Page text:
The 7 Mystic Onsen of Kinosaki

Entering the onsen, or Japanese hot springs, is more complex than unclothing and hopping into the water.
To the Japanese, taking part in the onsen requires you to know about the rich culture and history behind them and to be familiar with the rituals and customs of the onsen.

Entering the Sacred Waters of Kinosaki Onsen

Before scientific research showed that the mineral properties and contents of the natural hot spring waters could heal, the ancient people of Kinosaki believed that the healing abilities of the onsen were the power of the onsen guardian. However, suppose you were to look back at the record number of debilitated people that came to Kinosaki in pain and left after just a few days of soaking in the onsen. In that case, you too, will believe there is more to the mystic waters than just minerals.

Begin your journey to the 7 mystic onsen of Kinosaki by first visiting consent, the onsen’s guardian.

When the onsen in Kinosaki was first discovered in ancient times, they were considered gifts from the guardian deity. This made the waters sacred. Before entering the waters, you had to hike the mountain to Onsenji Temple. Here you would pray to the onsen guardian for them to allow you to enter the sacred waters and be healed by them. Then you would have received a “yu-shaku”, a type of ladle, that would act as proof that you had visited the temple and would be used as a ticket to enter the onsen. Back then, anyone who did not have this ladle was denied entry to the onsen.

Begin Your Journey

While the ladle and a visit to the guardian temple are not required today. To enter the onsen, it is highly suggested. The hike to Onsenji Temple is very picturesque and is not a challenging climb. Taking only about 20 min to get to the temple. There is also a gondola that will take you up to the temple if you prefer. You can also still obtain, or instead purchase, the ladle at the temple, and it makes a great souvenir.

Onsen hoping

Modern entry requires you to purchase a ticket for each onsen. While those staying at a ryokan or hotel in Kinosaki are usually given a pass to all 7 onsens. Included with their stay, those not staying in Kinosaki can still get a day pass to the onsen. For around 1200 yen, you can purchase a day pass. From any one of the bathhouses that will grant you entry for the day. To any one of the 7 onsen bathhouses.

There are several other hot spring towns in Japan. But very few have so many public bathhouses of varying styles in such proximity. If you have the time, are up to the challenge. And want to feel the cleanest and most relaxed you have ever felt, try Kinosaki’s “Onsen Meguri.” Meguri is a Japanese pilgrimage; in this case, you walk around and soak in all 7 onsen bathhouses. All 7 of the onsen bathhouses can be walked to from the other.

To help you find your way to each bathhouse. You can purchase a map with a stamp collection section on the back. At each bathhouse, you will find a unique stamp to put into your book. This stamp book can be purchased at the Ryokan Information Center in front of Kinosaki Station for 50 yen. Some ryokan also offers the chance to receive or buy a commemorative rice scoop or set of chopsticks. For completing the onsen pilgrimage, ask your ryokan if they offer this option and for more details.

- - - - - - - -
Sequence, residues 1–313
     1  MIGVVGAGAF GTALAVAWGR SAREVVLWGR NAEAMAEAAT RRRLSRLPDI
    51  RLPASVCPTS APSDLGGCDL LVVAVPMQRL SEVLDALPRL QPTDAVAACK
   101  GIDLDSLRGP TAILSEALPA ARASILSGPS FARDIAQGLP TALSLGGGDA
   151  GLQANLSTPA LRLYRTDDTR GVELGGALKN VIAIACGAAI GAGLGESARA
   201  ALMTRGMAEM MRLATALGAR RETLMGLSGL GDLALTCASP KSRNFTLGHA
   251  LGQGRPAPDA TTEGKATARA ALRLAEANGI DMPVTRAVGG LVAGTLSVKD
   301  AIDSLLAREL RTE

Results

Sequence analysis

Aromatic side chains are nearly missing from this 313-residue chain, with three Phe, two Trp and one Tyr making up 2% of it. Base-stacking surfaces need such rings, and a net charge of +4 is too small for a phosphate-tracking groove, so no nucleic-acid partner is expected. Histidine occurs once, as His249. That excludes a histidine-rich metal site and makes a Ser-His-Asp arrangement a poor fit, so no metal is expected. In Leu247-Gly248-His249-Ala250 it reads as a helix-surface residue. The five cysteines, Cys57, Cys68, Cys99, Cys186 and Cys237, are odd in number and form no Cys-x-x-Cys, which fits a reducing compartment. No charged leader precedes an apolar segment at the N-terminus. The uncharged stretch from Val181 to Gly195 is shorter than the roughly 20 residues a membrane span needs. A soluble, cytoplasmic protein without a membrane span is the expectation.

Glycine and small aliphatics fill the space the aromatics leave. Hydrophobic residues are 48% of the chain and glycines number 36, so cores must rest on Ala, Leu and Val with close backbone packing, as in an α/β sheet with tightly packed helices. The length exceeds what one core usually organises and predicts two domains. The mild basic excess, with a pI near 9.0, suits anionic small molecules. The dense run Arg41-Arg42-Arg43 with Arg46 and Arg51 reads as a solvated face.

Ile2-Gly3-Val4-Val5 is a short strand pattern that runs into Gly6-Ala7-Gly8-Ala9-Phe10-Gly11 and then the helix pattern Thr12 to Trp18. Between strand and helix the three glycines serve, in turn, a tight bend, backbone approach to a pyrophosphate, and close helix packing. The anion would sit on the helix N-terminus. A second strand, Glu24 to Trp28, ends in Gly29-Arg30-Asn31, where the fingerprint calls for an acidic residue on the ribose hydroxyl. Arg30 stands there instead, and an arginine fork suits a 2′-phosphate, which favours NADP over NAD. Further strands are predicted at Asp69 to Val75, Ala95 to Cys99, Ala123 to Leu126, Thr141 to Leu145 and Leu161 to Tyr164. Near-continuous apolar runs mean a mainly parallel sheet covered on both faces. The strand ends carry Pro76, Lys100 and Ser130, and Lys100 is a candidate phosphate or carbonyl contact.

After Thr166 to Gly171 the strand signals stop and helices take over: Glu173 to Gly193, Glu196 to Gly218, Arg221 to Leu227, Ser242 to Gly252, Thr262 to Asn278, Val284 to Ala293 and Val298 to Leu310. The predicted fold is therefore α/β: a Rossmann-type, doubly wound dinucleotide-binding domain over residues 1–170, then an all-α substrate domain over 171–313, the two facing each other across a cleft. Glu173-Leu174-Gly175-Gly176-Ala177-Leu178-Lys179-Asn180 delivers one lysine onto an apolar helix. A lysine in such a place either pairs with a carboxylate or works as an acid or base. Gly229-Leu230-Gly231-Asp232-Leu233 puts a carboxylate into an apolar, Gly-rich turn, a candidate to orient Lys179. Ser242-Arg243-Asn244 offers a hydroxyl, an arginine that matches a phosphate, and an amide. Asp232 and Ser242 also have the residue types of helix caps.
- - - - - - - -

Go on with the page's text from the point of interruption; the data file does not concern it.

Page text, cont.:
Kono-yu is the bath that will bring you happiness in your marriage and longevity.
This is the oldest bathhouse building in Kinosaki. It is said that Kono-yu’s water was discovered when a White Stork was healing its wounds in the hot spring.
The onsen is a quiet bathing sanctuary set away from the busy streets in the back of the town. Relax in the outdoor bath surrounded by lush natural surroundings and fresh air.


Mandara means the enlightened mind. Onsen is named so because the waters of Mandara were supposedly brought forth after a holy priest. Dochi, prayed continually for a thousand days.
The outdoor bath is a ceramic barrel bath. That way, you can enjoy the fresh air while you look out onto the beautiful mountainside.


Also known as the “Water of Beauty”, brings luck in love and protects you against fires. It was built in the likeness of Kyoto’s Imperial Palace. Beautifully painted screens access the foyer and lounge area. And the panels of the high ceiling are painted with Japanese flowers.


The architecture resembles a kabuki theater and is a popular bathhouse landmark. This bathhouse features a cave made of natural boulders and soft ambient lighting. Perfect for those wanting a calm and relaxing soak. Come and see why this bath is called “Ichino-yu (number one bath)”. A name was given by a well-known doctor of the Edo era. After he had experienced the positive effects of the waters firsthand.


Yanagi-yu is said to ensure fertility and safe childbirth for women. Yanagi is Japanese for weeping willow. And gets its name from the willow-lined street that runs in front of the Yanagi-yu.
This is a cozy bathhouse. The interior is a classic twist on the modern-Japanese style. The rustic wooden interior, from the walls to the bath made from cypress, provides a warm and relaxing experience.


A Japanese lantern inspired the design of the building. The hexagonal windows are shaped like the volcanic rock formations of Genbudo cave. It is a local favorite. Many families from the neighborhood still prefer to use this retro-style bath house. To relax before turning in for the night.


Located directly next to the station. This onsen features a beautiful panoramic view from its outdoor bath on the third-floor observation deck. Step into the sauna, where aromatic herbs fill the air. Relax in the beautifully-designed outdoor baths and enjoy the modern amenities of this onsen.

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